Curator Susan Tai gave us a great sneak peek at The Artful Recluse, Santa Barbara Museum of Art’s terrific new exhibit focused on painting, poetry and politics in 17th Century China. On view through January 20, this major exhibition of nearly 60 paintings studies the private world and inner lives of scholar painters during the end of the Ming Dynasty through the early years of the Qing Dynasty.
“It is a time-honored tradition for Chinese gentry to withdraw from public life and politics and seek solace in nature and art,” explains Tai. This period of reclusion also gave the artists time to socialize with other painters and poets and the exhibit also examines these relationships.
“Chinese paintings always look like an idealized world,” she says, but with this exhibition “we are trying to explore the meaning of the paintings much more than the stylistic elements.” The project started out as a UCSB seminar that Tai did with co-curator Peter Sturman, professor of history of art and architecture at UCSB. “It really grew from there,” says Tai.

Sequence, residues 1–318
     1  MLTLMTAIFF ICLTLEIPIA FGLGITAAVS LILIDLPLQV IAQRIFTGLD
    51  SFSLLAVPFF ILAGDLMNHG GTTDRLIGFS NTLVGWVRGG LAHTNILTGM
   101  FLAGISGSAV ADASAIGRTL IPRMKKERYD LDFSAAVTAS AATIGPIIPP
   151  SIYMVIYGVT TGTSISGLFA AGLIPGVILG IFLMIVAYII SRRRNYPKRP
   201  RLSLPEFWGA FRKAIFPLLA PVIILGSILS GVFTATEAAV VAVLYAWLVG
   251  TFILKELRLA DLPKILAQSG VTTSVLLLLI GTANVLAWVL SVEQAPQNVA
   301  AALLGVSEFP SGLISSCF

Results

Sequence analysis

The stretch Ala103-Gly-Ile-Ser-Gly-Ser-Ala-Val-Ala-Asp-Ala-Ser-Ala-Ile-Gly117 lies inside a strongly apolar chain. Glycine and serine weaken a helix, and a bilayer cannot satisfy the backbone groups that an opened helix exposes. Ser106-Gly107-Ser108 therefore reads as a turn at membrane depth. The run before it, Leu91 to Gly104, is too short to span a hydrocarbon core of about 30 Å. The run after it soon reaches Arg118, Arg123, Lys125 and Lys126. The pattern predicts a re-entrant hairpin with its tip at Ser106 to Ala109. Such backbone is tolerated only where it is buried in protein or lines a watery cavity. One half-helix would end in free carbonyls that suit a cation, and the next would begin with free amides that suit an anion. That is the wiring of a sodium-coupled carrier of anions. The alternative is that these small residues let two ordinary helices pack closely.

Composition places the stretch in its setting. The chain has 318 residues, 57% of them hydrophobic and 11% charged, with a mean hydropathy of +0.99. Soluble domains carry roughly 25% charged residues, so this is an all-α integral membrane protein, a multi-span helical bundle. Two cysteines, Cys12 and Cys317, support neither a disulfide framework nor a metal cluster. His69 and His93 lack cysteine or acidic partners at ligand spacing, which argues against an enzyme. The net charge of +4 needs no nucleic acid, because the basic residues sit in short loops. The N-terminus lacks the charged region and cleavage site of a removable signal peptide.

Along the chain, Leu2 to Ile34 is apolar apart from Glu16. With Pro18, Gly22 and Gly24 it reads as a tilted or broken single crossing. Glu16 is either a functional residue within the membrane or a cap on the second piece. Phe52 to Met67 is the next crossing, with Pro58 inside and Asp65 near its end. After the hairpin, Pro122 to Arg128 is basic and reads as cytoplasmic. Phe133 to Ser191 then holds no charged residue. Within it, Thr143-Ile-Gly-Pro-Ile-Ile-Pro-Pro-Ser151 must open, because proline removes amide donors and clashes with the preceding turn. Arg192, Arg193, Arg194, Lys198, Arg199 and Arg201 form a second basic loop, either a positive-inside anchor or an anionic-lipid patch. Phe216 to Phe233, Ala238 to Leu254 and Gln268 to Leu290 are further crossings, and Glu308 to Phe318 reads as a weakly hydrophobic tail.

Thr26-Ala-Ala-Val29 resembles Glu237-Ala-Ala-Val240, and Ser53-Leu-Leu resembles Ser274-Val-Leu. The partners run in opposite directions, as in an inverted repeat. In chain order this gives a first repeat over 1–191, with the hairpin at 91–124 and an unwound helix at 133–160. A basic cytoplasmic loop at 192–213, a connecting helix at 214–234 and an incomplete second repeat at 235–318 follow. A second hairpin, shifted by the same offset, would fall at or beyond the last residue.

Fourteen spectacular hand scrolls are on display and in a creative use of technology, several of these scrolls (some of which are up to 40-feet-long) have been scanned into iPads so they can be viewed and studied in their entirety.
Many of the paintings are exhibited for the first time in the United States, including a 20-foot-long masterpiece from the National Palace Museum Taiwan (Republic of China). Drawn from six public institutions, as well as SBMA, and seven private collections, the exhibition will only be seen in two venues: SBMA and the Asia Society in New York.
Santa Barbara Museum of Art is located at 1130 State St. The museum is open Tuesday—Sunday from 11 a.m. to 5 p.m. with Chase Free Thursday Evenings from 5–8 p.m.